The Role of Thromboelastography Testing in the Emergency Medicine, Trauma Center, and Critical Care Environments

  • Meena Subramanian
Thrombosis (D Slattery, Section Editor)
Part of the following topical collections:
  1. Thrombosis


Purpose of Review

Thromboelastography (TEG) has been gaining attention for its potential use in a variety of disease of states to guide therapies and determine prognosis. This review will explore recent research specifically regarding the use of thromboelastography in the emergency, trauma, and critical care clinical environments.

Recent Findings

Thromboelastography has its drawbacks. TEG has wide operator and machine variability. Known coagulopathic states may exhibit normal viscoelastic results, indicating inconsistent results. Thromboelastography has shown to decrease transfusion of blood products in traumatic hemorrhage. In sepsis, both hypercoagulable and hypocoagulable states occur. Patients with certain neurological conditions may have disparate results on viscoelastic testing. Patients with intracranial bleeding and hematoma expansion were found to be hypocoagulopathic, whereas acute ischemic stroke patients tend to have hypercoagulopathic results.


The bottom line is that thromboelastography requires further study before standard utilization for emergency and critical care departments.


Thromboelastography (TEG) Guide therapies Prognosis discovery Emergency 


Compliance with Ethical Standards

Conflict of Interest

The author declares the she has no conflicts of interest.

Human and Animal Rights and Informed Consent

This article does not contain any studies with human or animal subjects performed by any of the authors.


Papers of particular interest, published recently, have been highlighted as: • Of importance •• Of major importance

  1. 1.
    • Da Luz L, Nascimento B, Shankarakutty A, Rizoli S, Adhikari N. Effect of thromboelastography (TEG®) and rotational thromboelastometry (ROTEM®) on diagnosis of coagulopathy, transfusion guidance and mortality in trauma: descriptive systematic review. Crit Care. 2014;18(5). Predictive performance not superior to routine testing. Some early coagulopathies found that cannot be seen on routine testing. A ROTEM-based transfusion protocol decreased need for blood products but not associated with lower mortality rates. Google Scholar
  2. 2.
    •• Kreitzer N, Bonomo J, Kanter D, Zammit C. Review of thromboelastography in neurocritical care. Neurocrit Care. 2015;23(3):427–33. Limitations to the use of TEG—Patients who have serial TEG studies should be run on the same machine with the same activator. This requires calibration two to three times per day by personnel who are trained in the maintenance of TEG. TEG values reported at one institution do not represent values reported at another institution. Another drawback may be in the use of kaolin. Kaolin is a standardized agent that activates clotting through the contact activation (intrinsic) pathway. Monoanalysis with kaolin does not distinguish coagulopathy secondary to dilution from that of thrombocytopenia. Thus, algorithms based on the use of kaolin alone may lead to unnecessary transfusion of platelets. TEG is unable to provide information such as a platelet count, so the combination of aggregometric and viscoelastic methods is recommended for completeness. CrossRefPubMedGoogle Scholar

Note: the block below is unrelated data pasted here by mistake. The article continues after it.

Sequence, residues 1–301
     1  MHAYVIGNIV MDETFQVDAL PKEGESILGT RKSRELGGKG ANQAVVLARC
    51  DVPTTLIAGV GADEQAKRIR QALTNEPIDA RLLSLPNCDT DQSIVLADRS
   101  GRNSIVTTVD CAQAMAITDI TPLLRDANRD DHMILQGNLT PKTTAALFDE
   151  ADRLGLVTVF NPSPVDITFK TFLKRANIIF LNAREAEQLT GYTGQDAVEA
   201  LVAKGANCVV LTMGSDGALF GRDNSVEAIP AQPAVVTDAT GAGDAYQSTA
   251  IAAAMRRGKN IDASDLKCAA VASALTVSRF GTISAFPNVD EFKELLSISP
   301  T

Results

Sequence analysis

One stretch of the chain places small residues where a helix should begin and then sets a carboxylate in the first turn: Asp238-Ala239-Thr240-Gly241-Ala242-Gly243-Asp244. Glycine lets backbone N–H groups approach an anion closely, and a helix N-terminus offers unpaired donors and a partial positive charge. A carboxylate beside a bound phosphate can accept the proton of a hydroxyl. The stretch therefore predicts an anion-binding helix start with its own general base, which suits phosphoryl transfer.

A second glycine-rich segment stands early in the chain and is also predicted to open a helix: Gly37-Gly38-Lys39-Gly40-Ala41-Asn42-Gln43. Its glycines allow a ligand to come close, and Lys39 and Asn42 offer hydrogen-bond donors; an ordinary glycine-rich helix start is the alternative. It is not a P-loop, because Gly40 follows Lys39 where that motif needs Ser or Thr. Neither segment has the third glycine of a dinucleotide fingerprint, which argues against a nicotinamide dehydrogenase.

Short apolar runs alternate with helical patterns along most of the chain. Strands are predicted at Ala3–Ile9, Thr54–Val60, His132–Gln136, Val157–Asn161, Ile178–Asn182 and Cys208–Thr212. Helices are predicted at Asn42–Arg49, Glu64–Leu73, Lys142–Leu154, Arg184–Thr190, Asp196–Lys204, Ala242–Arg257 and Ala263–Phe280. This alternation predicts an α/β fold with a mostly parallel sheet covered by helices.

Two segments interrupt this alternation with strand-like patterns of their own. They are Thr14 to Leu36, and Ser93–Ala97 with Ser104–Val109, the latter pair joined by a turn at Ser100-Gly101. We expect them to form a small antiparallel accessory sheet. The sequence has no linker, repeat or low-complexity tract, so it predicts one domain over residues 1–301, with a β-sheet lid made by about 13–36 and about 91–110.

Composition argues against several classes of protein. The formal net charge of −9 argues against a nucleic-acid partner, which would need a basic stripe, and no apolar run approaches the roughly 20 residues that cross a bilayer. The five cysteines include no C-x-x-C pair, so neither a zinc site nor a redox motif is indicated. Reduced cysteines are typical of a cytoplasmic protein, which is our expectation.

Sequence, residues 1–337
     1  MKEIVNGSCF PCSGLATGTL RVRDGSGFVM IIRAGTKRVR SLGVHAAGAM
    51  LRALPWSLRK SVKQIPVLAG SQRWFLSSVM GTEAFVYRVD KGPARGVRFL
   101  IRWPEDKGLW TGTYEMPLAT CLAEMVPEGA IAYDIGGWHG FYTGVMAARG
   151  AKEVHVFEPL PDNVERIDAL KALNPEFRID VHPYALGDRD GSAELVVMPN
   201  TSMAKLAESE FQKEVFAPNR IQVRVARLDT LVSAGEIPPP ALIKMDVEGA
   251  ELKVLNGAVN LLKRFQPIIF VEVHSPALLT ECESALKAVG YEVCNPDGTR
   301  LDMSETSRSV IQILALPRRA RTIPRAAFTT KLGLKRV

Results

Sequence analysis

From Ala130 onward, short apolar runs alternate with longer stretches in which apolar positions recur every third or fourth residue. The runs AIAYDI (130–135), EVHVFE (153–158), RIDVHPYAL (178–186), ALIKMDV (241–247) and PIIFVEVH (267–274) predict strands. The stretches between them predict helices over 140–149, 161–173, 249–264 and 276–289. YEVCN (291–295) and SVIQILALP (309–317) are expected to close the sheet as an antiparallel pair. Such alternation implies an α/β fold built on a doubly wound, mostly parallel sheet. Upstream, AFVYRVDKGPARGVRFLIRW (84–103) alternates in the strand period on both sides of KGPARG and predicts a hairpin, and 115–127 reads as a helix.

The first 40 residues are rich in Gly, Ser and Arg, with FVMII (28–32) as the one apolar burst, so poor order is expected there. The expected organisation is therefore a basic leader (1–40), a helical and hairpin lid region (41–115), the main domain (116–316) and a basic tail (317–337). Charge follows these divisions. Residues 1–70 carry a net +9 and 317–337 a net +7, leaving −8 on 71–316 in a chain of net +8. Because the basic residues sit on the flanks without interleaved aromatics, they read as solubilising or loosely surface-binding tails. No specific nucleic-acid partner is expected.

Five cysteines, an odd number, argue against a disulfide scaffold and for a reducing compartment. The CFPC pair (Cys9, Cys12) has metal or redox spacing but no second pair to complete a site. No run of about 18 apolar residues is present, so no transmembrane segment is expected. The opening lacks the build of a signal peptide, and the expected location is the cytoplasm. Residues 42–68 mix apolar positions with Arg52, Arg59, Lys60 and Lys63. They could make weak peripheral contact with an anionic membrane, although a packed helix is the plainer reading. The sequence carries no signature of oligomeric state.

3. 3.
    • Quarterman C, Shaw M, Johnson I, Agarwal S. Intra- and inter-centre standardisation of thromboelastography (TEG®). Anaesthesia. 2014;69(8):883–90. Thromboelastography (TEG®; Haemonetics, Braintree, MA, USA) is one point-of-care method of assessing coagulation. A sample of whole blood is pipetted into a cup into which a torsion wire is suspended. The cup oscillates, and as the blood begins to clot, the oscillation is conducted to the wire. With increasing clot strength, there is increasing conduction of oscillation. The kinetics of the change in the oscillation of the wire are recorded graphically as the thromboelastograph (Fig. 1) [5]. The TEG is considered to reflect the process of clotting and fibrinolysis, as well as the availability and function of clotting factors, platelets, and fibrinogen. R time and K time has significant variability of results when performed by a single or multiple operators. Blood in citrated form had better consistency of results. Maxamplitude and alpha angle were consistent throughout. Variability may be due to mixing with kaolin. CrossRefPubMedGoogle Scholar
  4. 4.
    Whiting D, DiNardo JA. TEG and ROTEM: technology and clinical applications. Am J Hematol. 2014;89(2):228–32. Scholar
  5. 5.
    Bolliger D, Seeberger MD, Tanaka KA. Principles and practice of thromboelastography in clinical coagulation management and transfusion practice. Transfus Med Rev. 2012;26(1):1–13. Scholar
  6. 6.
    ROTEM® analysis: Thromboelastometry. 2017. Accessed 19 Sept 2017.
  7. 7.
    Jackson G, Ashpole K, Yentis S. The TEG® vs the ROTEM® thromboelastography/thromboelastometry systems. Anaesthesia. 2009;64(2):212–5. TEG vs ROTEMCrossRefPubMedGoogle Scholar
  8. 8.